BOSTON (CBS) — The Celtics can make history on Tuesday night, becoming the first No. 1 seed in the playoffs to also land the No. 1 overall pick in the that year’s NBA Draft.
That is, if the ping-pong balls bounce in their favor, which hasn’t really been the case with Boston and the NBA Draft Lottery. Ever.
Still, the Celtics are still in an incredible and unique position. They’re off to the Eastern Conference Finals, and though they’re not expected to do much against the defending champs this year, they appear to be just a piece or two away from becoming an actual title contender. They can do that while also likely enjoying a spot atop the draft board for at least one more year.
Boston is still reaping the benefits of Danny Ainge’s 2013 trade with the Nets, when he sent an aging Kevin Garnett and Paul Pierce (and how can we forget, Jason Terry and D.J. White) to Brooklyn for three future first-round picks (2014, 2016 and 2018) and the right to swap picks this season. The Nets went out and won just 20 games, making it an easy decision to swap picks for Ainge.
We’ll see if lottery luck is finally on their side tonight, when at the NBA Draft Lottery get underway at 8 p.m. in New York. The Celtics will be represented on stage by co-owner Wyc Grousbeck, with fellow co-owner Steve Pagliuca behind the scenes to witness the drawing. This is the first time that Grousbeck will represent the club on stage, and he’ll have his 2008 NBA Championship ring with him as his (and Boston’s) lucky charm.
The Celtics have never received the No. 1 overall pick since the NBA Draft Lottery began back in 1985. This year, they have a 25 percent chance at landing that first overall selection:
– 25% chance at the top overall pick (the best odds of any team)
– 21.5% chance at landing the second overall pick
– 17.8% chance at the third overall pick
– 35.7% chance at the fourth overall pick
The Suns have the second-best odds at the first overall pick at 19.9 percent followed by the Lakers (15.6 percent) and 76ers (14.7 percent). If L.A.’s pick falls out of the Top 3, they have to send it to Philadelphia.
The Celtics also own three second-round picks this year: No. 37, No. 53 and No. 56.
Ainge will have options next month, whether he decides to trade the pick and add an established star to a core of Isaiah Thomas and Al Horford or use the pick to add a potential franchise-altering prospect to the mix.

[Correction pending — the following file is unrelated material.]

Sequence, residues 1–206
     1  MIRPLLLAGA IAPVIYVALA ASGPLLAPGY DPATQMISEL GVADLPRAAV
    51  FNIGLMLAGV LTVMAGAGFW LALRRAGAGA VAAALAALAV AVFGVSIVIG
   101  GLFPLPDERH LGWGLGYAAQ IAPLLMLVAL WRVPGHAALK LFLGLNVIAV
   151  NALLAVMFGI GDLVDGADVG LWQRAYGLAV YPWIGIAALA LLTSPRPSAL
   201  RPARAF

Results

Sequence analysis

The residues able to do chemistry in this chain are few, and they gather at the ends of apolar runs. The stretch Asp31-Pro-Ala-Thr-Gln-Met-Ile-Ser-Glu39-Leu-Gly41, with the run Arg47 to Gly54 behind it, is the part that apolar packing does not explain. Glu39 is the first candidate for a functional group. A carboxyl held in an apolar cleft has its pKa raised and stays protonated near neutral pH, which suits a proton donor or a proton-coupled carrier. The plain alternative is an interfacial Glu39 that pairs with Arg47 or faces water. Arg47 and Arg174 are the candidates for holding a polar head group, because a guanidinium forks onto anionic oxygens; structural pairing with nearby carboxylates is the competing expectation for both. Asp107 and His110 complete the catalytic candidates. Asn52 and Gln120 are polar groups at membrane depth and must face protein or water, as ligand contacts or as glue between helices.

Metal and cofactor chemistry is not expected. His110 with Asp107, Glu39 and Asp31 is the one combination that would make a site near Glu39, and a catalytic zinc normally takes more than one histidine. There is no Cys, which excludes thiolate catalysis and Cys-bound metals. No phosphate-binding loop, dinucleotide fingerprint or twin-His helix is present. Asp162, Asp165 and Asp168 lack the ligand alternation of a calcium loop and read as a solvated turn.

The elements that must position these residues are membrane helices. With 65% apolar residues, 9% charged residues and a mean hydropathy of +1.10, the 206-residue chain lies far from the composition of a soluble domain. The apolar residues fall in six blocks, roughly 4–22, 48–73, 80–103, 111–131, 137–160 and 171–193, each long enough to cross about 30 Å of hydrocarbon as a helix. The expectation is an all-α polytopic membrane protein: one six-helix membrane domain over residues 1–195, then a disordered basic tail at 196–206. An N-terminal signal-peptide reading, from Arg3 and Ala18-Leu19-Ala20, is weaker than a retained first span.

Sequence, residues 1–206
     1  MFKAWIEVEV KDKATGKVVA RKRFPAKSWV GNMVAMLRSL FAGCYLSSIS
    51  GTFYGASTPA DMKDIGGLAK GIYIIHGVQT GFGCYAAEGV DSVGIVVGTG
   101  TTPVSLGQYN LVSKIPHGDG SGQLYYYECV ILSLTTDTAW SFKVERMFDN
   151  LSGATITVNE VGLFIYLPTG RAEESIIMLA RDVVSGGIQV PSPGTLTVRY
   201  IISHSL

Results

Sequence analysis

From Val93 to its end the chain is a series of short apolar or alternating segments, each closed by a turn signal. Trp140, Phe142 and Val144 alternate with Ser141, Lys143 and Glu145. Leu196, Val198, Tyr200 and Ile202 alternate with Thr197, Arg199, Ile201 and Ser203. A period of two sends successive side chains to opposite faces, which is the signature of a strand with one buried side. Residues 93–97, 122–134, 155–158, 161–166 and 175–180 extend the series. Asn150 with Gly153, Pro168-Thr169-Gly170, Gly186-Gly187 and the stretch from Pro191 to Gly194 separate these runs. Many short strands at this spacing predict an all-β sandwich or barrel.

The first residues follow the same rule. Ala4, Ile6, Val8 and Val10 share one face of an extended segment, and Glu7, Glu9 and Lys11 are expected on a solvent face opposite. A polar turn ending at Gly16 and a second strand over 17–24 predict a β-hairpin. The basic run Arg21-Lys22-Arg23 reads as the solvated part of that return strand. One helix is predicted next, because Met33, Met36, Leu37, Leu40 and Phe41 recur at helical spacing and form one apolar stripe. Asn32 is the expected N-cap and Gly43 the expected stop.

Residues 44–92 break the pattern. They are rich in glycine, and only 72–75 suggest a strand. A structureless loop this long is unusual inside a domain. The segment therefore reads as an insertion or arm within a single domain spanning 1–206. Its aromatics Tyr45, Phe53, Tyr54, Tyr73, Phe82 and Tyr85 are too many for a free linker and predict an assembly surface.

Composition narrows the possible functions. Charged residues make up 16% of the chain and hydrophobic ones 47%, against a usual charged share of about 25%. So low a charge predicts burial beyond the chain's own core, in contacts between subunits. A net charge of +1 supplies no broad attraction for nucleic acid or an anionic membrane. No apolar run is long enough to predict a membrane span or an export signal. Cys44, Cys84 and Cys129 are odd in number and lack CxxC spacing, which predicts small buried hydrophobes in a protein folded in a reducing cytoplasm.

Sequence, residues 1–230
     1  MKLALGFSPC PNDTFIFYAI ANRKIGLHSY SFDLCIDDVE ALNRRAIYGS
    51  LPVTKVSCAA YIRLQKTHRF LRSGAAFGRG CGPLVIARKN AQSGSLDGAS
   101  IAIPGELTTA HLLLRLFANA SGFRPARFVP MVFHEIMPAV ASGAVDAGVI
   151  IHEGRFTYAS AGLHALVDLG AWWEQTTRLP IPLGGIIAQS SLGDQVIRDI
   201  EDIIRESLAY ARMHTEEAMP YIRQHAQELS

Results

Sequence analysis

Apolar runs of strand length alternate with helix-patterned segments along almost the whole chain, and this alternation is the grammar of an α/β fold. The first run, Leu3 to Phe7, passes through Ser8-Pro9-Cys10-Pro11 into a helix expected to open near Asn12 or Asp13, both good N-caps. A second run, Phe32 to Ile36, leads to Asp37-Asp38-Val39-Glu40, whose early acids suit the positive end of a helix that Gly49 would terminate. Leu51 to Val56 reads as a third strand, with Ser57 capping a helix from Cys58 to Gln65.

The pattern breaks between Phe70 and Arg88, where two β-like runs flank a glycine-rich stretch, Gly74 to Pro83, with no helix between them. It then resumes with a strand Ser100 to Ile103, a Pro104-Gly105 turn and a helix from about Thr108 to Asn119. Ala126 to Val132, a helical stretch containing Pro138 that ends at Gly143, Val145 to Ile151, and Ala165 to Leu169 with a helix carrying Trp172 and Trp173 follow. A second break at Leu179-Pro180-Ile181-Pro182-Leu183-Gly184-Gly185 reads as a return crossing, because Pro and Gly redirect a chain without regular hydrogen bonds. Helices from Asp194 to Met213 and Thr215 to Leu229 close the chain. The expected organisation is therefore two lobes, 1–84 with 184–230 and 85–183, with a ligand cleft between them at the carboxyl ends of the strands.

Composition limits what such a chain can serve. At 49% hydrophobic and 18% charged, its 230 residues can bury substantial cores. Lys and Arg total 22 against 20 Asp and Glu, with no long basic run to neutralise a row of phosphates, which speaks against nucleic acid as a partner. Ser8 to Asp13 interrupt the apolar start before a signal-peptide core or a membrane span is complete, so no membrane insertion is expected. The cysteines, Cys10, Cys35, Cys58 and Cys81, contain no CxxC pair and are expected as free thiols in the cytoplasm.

Should he choose to make the selection, here are the main studs he’ll be deciding between:
Markelle Fultz, G, Washington
Weight: 195 lbs
Stats: 23.2 PPG, 5.7 RPG, 5.9 APG, 48 FG% (in 25 games)
Lonzo Ball, PG, UCLA
Weight: 190 lbs
Stat line: 14.6 PPG, 6.0 RPG, 7.6 APG, 55% (in 36 games)
Josh Jackson, SF, Kansas
Weight: 207 lbs
Stats: 16.3 PPG, 7.4 RPG, 3.0 APG, 50% (in 35 games)
Jayson Tatum, SF, Duke
Weight: 205 lbs
Stats: 16.8 PPG, 7.3 RPG, 2.1 APG, 45% (in 29 games)
Jonathan Isaac, F, FSU
Weight: 210 lbs
Stats: 12 PPG, 7.8 RPG, 1.2 APG, 51% (in 32 games)
Dennis Smith Jr., G, NC State
Weight: 190 lbs
Stats: 18.1 PPG, 4.6 RPG, 6.2 APG, 46% (in 32 games)
Malik Monk, G, Kentucky
Weight: 200 lbs
Stats: 19.8 PPG, 2.5 RPG, 2.3 APG, 45% (in 38 games)
Read: CBS Sports’ Mock Draft
The 2017 NBA Draft will be held on June 22 in New York.
The Bad Luck
We hate to end this on a down note, but it seems the Celtics get burned at the lottery once every decade. In 1997 they were expected to land the No. 2 pick, and actually had the best odds to land the first overall pick (27.51 percent), because Vancouver was an expansion team. That would have landed them a franchise cornerstone in Tim Duncan, but they instead fell to the third pick. Rick Pitino drafted a promising guard in Chauncey Billups, but he traded him to Toronto for Kenny Anderson halfway through his rookie season. Duncan went to San Antonio, and the five-time champ is now patiently awaiting his enshrinement in the basketball Hall of Fame.
Flash back to 10 years ago, when the Celtics finished the 2007 season at 24-58 and entered the lottery with a 20 percent chance to pick Greg Oden or Kevin Durant first overall. Even if they had stayed at No. 2, they still would have landed Durant. Instead, the C’s fell down to No. 5, which was devastating at the time.
Things ended up working out in the end, as Ainge packaged that fifth pick (which became Jeff Green) with Wally Szczerbiak and Delonte West on draft night and sent them all to Seattle for Ray Allen and a second-round pick that became Glen “Big Baby” Davis. A few weeks later Kevin Garnett was holding up a Celtics jersey, and the rest is history.
So we’ll see if Tuesday night’s lottery ends in similar fashion, and if that luck, good or bad, could be the start to something great for a promising Celtics team.